American Museum of Natural History - Public Programs for Jan. 2011

January 2011 Public Programs at the American Museum of Natural History:

This Is Your Brain On Drugs: The Science Behind Meth, Cocaine, and Marijuana

Wednesday, January 5, doors open at 7 pm
Gottesman Hall of Planet Earth—Enter at 81st Street
Free admission with cash bar, 21+ with ID
How do drugs and drug use affect the brain? Join Carl Hart, associate professor at Columbia University, when he discusses his latest research on the cognitive effects of drug use on the brain and the sometimes surprising findings.
Cocktails, cutting-edge science, and conversation are on tap at this popular after-hours series, which takes place on the first Wednesday of every month. For more details and information on monthly speakers, visit
Proudly sponsored by Judy and Josh Weston.
Additional support provided by National Institutes of Health Science Education Partnership Award (SEPA).
Presented in conjunction with Brain: The Inside Story
How I Killed Pluto with Mike Brown
Monday, January 10, 7:30 pm
Hayden Planetarium Space Theater
$15 ($13.50 Members, students, senior citizens)
Hear the dramatic account of the most tumultuous year in modern astronomy by the astronomer who inadvertently caused it. In 2005, astronomer Mike Brown made the discovery of a lifetime: the tenth planet, Eris, which was 27 percent more massive than Pluto. But instead of simply adding one more planet to our solar system, his discovery ignited controversy that launched Brown into the public eye and culminated with the demotion of Pluto. Brown will discuss his memoir from that year, How I Killed Pluto and Why It Had It Coming. A book signing will follow.
Adventures in the Global Kitchen: Wine and Aging
Wednesday, January 12, 6:30 pm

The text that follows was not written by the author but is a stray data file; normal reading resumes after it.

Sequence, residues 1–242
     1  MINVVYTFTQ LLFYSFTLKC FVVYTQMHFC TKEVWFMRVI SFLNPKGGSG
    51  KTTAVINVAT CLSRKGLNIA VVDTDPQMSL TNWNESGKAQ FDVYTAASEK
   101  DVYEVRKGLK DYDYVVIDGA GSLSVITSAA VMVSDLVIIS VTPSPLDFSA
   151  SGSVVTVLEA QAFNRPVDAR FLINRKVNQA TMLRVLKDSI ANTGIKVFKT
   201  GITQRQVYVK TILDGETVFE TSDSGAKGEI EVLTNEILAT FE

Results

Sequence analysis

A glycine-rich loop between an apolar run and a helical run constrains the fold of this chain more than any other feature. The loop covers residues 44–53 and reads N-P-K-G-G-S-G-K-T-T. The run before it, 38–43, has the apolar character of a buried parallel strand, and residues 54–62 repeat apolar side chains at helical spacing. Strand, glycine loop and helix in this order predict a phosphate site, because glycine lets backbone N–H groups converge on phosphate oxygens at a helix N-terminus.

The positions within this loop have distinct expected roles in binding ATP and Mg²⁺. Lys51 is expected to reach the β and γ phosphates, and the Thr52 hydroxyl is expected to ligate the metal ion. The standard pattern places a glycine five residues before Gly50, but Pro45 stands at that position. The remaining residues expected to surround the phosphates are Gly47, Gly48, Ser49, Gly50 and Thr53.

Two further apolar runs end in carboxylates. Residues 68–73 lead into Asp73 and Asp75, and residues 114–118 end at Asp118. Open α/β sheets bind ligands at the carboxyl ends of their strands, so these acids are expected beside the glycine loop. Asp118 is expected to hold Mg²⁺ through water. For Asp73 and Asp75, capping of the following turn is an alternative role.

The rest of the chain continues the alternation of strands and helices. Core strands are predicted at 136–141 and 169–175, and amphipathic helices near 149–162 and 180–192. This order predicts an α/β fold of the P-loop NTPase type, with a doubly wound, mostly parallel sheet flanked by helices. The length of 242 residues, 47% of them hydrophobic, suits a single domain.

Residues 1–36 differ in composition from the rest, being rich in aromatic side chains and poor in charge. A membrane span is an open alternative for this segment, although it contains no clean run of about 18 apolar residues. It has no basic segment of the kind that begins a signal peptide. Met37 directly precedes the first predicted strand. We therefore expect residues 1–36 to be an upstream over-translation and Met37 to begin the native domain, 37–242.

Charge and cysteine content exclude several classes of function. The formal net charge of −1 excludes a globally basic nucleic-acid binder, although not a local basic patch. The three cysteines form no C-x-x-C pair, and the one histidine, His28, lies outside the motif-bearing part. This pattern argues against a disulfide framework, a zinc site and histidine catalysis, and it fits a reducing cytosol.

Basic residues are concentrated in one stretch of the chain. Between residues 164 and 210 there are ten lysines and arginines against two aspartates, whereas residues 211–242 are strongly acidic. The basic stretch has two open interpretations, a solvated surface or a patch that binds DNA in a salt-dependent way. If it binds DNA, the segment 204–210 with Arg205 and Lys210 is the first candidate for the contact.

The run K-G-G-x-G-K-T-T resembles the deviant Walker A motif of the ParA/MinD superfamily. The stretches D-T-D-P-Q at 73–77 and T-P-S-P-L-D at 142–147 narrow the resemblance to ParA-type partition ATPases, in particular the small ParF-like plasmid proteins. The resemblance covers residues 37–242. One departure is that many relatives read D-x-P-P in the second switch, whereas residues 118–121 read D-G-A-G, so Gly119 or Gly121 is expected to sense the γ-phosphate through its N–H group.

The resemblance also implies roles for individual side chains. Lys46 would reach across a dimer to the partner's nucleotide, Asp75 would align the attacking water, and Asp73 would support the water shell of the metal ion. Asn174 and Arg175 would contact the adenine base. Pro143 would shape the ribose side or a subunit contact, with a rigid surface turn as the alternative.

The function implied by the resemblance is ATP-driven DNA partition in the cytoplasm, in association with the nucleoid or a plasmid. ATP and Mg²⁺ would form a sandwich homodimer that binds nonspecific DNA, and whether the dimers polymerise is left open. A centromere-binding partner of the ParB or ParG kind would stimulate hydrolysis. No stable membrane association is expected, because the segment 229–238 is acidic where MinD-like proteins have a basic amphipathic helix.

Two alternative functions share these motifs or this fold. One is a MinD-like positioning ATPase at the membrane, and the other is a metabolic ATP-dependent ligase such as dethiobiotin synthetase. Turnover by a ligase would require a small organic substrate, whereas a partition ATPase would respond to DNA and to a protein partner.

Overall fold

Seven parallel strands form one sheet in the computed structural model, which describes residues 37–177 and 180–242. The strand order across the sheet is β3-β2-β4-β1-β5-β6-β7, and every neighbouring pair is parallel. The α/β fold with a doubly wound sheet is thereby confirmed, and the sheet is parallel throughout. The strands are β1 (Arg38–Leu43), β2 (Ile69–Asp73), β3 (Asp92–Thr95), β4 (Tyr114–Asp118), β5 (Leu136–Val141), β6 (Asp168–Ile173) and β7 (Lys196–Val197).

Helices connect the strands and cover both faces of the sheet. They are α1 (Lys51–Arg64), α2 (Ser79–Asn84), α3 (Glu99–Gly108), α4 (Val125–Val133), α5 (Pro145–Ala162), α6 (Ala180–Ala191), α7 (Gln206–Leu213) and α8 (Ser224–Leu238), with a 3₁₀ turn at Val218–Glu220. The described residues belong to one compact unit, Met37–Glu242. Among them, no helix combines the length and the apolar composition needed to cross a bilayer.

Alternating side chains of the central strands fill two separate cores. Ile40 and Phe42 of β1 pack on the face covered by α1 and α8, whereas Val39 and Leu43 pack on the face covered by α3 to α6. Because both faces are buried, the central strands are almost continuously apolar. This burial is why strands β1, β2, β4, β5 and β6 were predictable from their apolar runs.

Linder Theater, first floor
Does the fountain of youth flow with red wine? Join Dr. Joseph Maroon, author of The Longevity Factor: How Resveratrol and Red Wine Activate Genes for a Longer and Healthier Life, as he discusses resveratrol, an enzyme found in red wine that has been shown to slow down the effects of aging and postpone some diseases of old age. Maroon will be joined by wine distributor Evan Spingarn to discuss red wine and its impact on the aging brain. Wine tasting included.
Presented in conjunction with Brain: The Inside Story
Saturday, January 15, 1–5 pm
Milstein Hall of Ocean Life, first floor
Free with Museum admission
Celebrate gray matter at BRAINFest! Learn how your brain thinks, processes sensory information, and perceives the world around you. Have fun improving your memory, confusing your senses, and testing your abilities through various games, puzzles, and other interactive activities for the entire family.
Presented in conjunction with Brain: The Inside Story
This is Your Brain on Ping Pong
Wednesday, January 19, 6:30–9 pm
Milstein Hall of Ocean Life, first floor
Free with cash bar
Imagine the complexity of chess at speeds of up to 100 miles an hour. This is table tennis—also known as ping pong—a game in which strategic decisions are made with split-second timing. Join us for an evening focused on the science and skill of table tennis and discover how the brain benefits from this simple game. Improve your skills with instruction by pros from SPiN, New York’s only table tennis social club. Meet a few aficionados, including actor Susan Sarandonand puzzle master Will Shortz, as well as a few ranking champions.
Presented in conjunction with Brain: The Inside Story
Neuroeconomics: Decision Making and the Brain
Thursday, January 20, 6:30 pm
Kaufmann Theater, first floor
$15 ($13.50 Members, students, senior citizens)
Neuroscientist Paul Glimcher of New York University and Rob DeSalle, curator of Brain: The Inside Story, will discuss the interdisciplinary field of neuroeconomics, which melds psychology, economics, and neuroscience to study the mechanics of decision making and intuition. Among other topics, Glimcher and DeSalle will discuss how the brain enables us to evaluate decisions, categorize risks and rewards, and interact with each other.
Presented in conjunction with Brain: The Inside Story
Wild, Wild World: Wolves
Saturday, January 22, 11 am–noon and 1–2 pm
Linder Theater, first floor